Africa’s aviation sector recovery prospects looking up

Tuesday November 23 2021

African carriers are on a recovery trajectory, having reopened 81.3 percent of their international routes. GRAPHIC | FILE | NMG


The aviation industry outlook is giving better prospects of recovery for African airlines compared with those in the Middle East and Europe.

An analysis by the African Airlines Association (AFRAA) shows African carriers are on a recovery trajectory, having reopened 81.3 percent of their international routes. Sub-regional growth, however, is varied.

The analysis further reveals that African airlines have been growing regional fleet since 2020, allowing a deeper market penetration. Cargo capacity has also grown by 33 percent since 2019, while cargo load factors improved by nine percent from pre-pandemic levels.

AFRAA’S Secretary General Abdérahmane Berthé, while speaking at the 53rd annual general assembly and summit held virtually on November 16 and 17, said the recovery is critical to redefining the industry’s strategic plans for the next five years.

Need to re-invent

He called on African governments and airlines to re-invent and redefine their business models for a quick industry recovery. This will involve financial support, implementing safe travel measures, using technology to define the “new normal” and removing travel restrictions.


Stakeholders resolved to convene with the African Union Commission, the African Civil Aviation Commission and the African Aviation Industry Group in March next year to address sustainability and competitiveness of the continent’s air transport.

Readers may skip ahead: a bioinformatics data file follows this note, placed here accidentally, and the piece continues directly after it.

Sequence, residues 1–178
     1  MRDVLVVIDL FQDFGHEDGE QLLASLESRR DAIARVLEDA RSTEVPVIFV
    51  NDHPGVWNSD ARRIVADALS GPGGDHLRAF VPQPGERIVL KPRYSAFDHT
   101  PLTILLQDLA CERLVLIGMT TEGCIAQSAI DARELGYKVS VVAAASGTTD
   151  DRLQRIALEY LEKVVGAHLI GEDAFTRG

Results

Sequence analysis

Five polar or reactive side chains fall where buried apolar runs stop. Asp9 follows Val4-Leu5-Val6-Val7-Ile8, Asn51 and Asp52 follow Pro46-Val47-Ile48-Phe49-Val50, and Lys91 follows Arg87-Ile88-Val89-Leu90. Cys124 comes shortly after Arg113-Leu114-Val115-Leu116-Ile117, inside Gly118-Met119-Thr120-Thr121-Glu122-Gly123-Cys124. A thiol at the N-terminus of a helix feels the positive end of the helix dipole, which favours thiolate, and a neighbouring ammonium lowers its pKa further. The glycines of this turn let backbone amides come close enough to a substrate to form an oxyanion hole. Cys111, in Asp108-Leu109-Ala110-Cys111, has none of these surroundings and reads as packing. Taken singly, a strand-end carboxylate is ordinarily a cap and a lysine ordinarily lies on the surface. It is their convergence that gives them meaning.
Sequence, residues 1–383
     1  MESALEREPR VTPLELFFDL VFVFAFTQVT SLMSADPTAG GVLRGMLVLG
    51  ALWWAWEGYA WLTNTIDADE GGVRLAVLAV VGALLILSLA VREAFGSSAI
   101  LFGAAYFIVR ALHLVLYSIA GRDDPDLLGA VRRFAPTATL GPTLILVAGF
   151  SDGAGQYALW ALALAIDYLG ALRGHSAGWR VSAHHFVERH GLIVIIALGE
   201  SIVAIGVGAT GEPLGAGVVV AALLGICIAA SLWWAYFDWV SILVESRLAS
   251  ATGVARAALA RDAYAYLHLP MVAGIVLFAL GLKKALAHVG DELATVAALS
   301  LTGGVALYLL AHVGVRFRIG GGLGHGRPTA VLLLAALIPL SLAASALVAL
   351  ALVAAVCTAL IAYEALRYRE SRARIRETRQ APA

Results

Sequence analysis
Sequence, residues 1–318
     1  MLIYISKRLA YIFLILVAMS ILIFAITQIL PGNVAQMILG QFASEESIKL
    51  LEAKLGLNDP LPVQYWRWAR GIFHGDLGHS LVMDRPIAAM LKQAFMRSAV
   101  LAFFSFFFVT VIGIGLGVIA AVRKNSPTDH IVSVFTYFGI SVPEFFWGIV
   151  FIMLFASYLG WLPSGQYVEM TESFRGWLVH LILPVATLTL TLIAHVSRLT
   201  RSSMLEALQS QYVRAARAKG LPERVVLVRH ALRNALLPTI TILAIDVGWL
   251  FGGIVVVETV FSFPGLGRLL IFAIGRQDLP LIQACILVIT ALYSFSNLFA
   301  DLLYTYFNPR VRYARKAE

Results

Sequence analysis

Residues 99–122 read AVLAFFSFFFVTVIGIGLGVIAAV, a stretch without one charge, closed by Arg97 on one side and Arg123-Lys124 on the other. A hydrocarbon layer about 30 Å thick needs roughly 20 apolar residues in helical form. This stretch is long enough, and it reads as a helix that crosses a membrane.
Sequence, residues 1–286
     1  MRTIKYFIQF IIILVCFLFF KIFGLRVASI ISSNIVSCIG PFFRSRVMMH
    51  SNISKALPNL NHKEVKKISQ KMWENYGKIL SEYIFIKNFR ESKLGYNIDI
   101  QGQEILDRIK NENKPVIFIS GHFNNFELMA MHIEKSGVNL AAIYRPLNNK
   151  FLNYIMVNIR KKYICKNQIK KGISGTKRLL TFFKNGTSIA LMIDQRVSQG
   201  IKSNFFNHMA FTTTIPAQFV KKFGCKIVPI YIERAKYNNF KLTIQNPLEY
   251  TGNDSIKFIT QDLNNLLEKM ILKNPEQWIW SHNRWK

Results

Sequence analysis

At a different summit last month, African airlines executives gave recommendations for airline consolidation to improve service and save loss-making careers. They recommended the concept of “Air Afrique”, which means equity partnerships between airlines or across a group of investments, co-operation between airlines or the formation of a new common airline.

They also called for uniformed implementation of regulations and synergies between regulators, airlines and regional economic communities.

The Covid-19 pandemic cost the African aviation sector $8 billion revenue loss in 2020 and over seven million job losses.

The assembly called upon African governments to extend much-needed financial support to African airlines and the aviation industry.

“This year’s assembly provides an opportunity to rethink our industry and develop a resilient and sustainable perspective for the airline industry,” said Mr Berthé.